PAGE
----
Morgan James Lewis

Writes Home about

The Cruise to Cuba on the Transport ORIZABA
Contributed by his granddaughter, Rene Lewis Lawrie
Click here for a Spanish Account of the Battle of El Caney

Click here for his letters concerning his Recovery After Returning from Cuba
Click here for a history of the 22nd U.S. Infantry


Morgan James Lewis was born on December 6, 1868 in Defiance, Ohio. During the Spanish American War, he served on Company F, of the 22nd U.S. Infantry, and also served in the unit's band. In the following letter, he describes his trip to Cuba as part of General Shafter's Fifth Corps. The letter starts near the beginning of the cruise, and continues up to the time of his disembarking in Cuba. After the war, in the 1920's, he moved to Fort Myers, Florida. He passed away in 1948.

The Letter:

On board the steamer Orizaba (?)  June 14th 1898

Today at 9 o’clock, our boat left her moorings at the dock (at Tampa) and cast anchor at the mouth of the bay till 3:30, when she weighed anchor as our fleet of 32 transports carrying 2,300 men were ready to start on our long and perilous journey of 900 miles to Santiago de Cuba.

It was a magnificent sight to see the fleet as it put to sea.  The transports were arranged in columns of fours at 400 yards interval flanked on either side with the small gunboats and the deadly torpedo boats while the heavy gunboats took up the advance guard.  Our boat is
one of the largest and fastest in the fleet.  Being six hundred tons lading it carries immense stores of dynamite and gun cotton for Sampsons’ fleet.

The evening of the 15th we sighted a lighthouse of Dry Tortugas Island.  Half an hour later, we are joined by the battleship, Indiania and the firing of the necessary salutes at this hour of the night brings everybody on deck expecting to see a naval engagement.  It was also rumored on board that it was a Spanish man o war and the dispatch boat Hornet passed us giving the Captain orders to go full speed for 8 knots then await orders.  It was generally believed the the rumor was true and much excitement prevailed for the next hour.

When all retired for the night in the hold when some fellow had an attack of the night mare. He jumped from his bunk yelling at the top of his voice "We are lost, lost, lost!"  Men jumped from their bunks with rifle in hand and a general stampede for the hatchway followed, but it was soon learned that it was a false alarm and the men again retired after much growling at the poor fellow.

The time has passed until now without any incident worth notice.  The sea has been very calm.  It is amusing to see so many strange fish.  Among them are the flying fish, which rise at the boat’s bow like birds on land.  At the approach of an intruder we have also seen several man-eating sharks.

Our course is south through the Gulf of Mexico to Dry Tortugas, east from there through the Florida straights to the great Bahama Channel, thence south through the windward passage east of Cuba in the Atlantic Ocean then westward through the Carribean Sea to Santiago.  Today June 17 we sight land for the first time since we left the U.S. It being a
small island on the north of Cuba, we are now between the Isle of Cuba and the Bahama Islands.

Friday the 18th, we are now in the windward passage, the sea is very rough and many a poor fellow is hanging his head over the rail looking seaward.  At 2 o’clock the Indiania sighted two Spanish boats headed for us and a race for life ensued but as they were light boats they pulled into shallow water and our vessels were unable to follow.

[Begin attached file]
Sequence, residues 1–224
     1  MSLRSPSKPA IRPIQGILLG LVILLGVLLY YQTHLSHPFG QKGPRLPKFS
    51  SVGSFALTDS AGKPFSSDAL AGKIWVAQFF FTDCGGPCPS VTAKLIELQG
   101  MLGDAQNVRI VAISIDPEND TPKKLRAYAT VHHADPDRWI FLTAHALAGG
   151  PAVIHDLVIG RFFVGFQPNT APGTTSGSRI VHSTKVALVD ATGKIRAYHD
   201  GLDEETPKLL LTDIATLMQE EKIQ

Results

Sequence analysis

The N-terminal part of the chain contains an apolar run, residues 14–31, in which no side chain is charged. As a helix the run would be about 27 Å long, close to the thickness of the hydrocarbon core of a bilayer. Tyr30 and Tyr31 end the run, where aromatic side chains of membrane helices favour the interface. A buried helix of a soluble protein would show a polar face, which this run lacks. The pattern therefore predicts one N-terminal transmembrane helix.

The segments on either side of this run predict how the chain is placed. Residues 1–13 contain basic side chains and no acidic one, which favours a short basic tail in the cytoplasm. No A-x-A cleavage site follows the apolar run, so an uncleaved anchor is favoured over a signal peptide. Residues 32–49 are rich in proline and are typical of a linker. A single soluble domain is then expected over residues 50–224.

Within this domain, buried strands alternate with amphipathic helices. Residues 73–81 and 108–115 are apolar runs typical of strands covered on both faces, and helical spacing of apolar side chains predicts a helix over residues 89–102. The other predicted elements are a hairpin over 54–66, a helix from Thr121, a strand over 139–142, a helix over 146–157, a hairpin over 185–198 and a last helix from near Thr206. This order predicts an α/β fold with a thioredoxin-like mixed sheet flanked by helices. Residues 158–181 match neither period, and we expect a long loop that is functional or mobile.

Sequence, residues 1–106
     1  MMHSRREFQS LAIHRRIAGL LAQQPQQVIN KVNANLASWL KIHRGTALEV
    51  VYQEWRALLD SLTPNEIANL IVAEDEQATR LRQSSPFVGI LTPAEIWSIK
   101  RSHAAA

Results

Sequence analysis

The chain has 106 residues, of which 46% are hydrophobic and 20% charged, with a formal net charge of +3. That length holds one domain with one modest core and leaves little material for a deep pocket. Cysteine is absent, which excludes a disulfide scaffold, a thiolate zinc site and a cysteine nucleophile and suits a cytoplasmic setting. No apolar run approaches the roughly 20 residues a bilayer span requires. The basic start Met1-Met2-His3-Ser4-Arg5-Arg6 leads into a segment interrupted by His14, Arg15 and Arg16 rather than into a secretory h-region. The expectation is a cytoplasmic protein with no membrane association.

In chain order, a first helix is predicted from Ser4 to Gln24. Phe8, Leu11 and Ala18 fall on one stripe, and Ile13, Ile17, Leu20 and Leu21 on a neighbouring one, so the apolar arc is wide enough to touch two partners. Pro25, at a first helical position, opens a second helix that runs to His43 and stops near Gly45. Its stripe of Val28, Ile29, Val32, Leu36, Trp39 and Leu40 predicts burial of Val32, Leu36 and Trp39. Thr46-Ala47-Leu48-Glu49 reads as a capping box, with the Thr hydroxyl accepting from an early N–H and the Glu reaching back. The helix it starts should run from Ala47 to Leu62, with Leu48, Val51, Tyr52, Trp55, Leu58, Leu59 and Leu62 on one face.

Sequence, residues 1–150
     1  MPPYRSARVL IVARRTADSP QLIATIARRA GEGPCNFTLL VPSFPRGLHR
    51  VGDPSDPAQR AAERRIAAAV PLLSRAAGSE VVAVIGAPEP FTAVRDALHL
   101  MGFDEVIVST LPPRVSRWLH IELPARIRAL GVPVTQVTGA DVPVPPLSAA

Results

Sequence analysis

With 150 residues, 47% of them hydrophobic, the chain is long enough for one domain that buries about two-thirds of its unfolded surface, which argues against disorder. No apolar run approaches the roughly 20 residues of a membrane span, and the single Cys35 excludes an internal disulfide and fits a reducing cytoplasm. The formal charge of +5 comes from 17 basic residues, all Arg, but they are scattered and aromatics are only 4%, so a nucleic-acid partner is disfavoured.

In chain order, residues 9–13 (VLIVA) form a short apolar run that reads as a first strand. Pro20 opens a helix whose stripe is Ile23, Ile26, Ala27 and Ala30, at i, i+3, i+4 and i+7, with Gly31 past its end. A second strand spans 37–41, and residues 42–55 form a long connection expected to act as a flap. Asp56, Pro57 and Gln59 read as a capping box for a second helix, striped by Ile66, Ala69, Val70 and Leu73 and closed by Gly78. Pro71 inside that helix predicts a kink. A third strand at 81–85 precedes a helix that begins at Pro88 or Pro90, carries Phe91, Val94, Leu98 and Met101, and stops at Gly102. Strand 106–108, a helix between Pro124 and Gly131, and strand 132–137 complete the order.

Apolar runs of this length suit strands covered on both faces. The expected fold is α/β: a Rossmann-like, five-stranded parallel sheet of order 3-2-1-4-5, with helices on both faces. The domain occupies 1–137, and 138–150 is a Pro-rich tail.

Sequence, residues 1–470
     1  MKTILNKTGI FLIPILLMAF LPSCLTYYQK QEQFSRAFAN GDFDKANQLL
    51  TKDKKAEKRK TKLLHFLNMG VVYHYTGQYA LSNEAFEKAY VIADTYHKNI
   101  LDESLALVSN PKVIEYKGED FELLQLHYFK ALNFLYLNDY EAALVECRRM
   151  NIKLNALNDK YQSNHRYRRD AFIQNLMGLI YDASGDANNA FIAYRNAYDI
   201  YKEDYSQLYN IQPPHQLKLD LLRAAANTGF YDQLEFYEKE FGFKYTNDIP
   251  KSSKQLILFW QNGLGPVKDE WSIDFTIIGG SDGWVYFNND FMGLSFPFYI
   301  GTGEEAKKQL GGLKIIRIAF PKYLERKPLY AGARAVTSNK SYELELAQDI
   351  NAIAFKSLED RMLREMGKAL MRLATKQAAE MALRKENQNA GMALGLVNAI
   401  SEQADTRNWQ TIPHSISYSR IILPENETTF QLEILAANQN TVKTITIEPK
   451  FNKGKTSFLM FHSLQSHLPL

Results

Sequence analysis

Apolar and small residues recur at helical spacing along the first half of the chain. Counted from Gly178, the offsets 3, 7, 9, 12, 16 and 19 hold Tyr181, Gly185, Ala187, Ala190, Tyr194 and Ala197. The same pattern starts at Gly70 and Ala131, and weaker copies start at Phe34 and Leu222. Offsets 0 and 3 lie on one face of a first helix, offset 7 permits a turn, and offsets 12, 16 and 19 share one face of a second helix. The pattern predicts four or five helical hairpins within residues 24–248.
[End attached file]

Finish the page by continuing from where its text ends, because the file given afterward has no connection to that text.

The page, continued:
Struck through:  Sunday 19th nothing of any importance.

Monday 20th our boat is now headed westward on the south of Cuba and we are nearing our journeys end [to the promised land] [Cuba].  We are now possibly 5 miles from the Island and a great mountain system is to be seen rising majestically above the water with peaks pointing heavenward.  It has been a marvelous trip throughout.  Could we realize the danger we are in, any wave could conceal a torpedo boat which would shoot a deadly torpedo under us and hurl us into eternity without a moments notice, but no one gives it a single thought.

We are crowded very closely in the boat not unlike sardines [if I may use that term] and some of our officers treat us very mean, especially those who joined the regiment lately from West Point and have never seen service before.  One in particular mentioning that enlisted men were like a pack of curs and any place was good enough for them.  We occupy less than half of the vessel and the few officers occupy the rest

We also feed very poorly and it is wonderful that men can keep up asthey do on such poor diet and crowed so closely in the hold of the vessel, but there is very little sickness except sea sickness.

Today the 22nd and we land in an hour.  On the evening of the 20th we saw our first sea action.  It was our batteries along the shore.  It was a magnificent sight to see.

The cannon belching forth long streams of fire every tick of the watch. Struck through: Yesterday 21st there was a battle The mouth of the bay is not more than 100 feet wide and just back of it is very large mountains with peaks towering high above the clouds and 14
miles away up this bay is Santiago.  Just back of these mountains a fierce fight took place yesterday,  150 Spaniards were killed, 18 captured and 6 of our Marines were lost. [It is not clear what action is being referred to here. The actions in involving the Marines was concluded before the 21st, and the actions involving the Fifth Corps did not yet occur]  Many of our men cried when they learned of the fight that they could not take part (in).  Our boat is the second to land.  Well, we (are) ready to Disembark and I will mail this on the boat.

Good bye and Regards to all

Your son and Brother,


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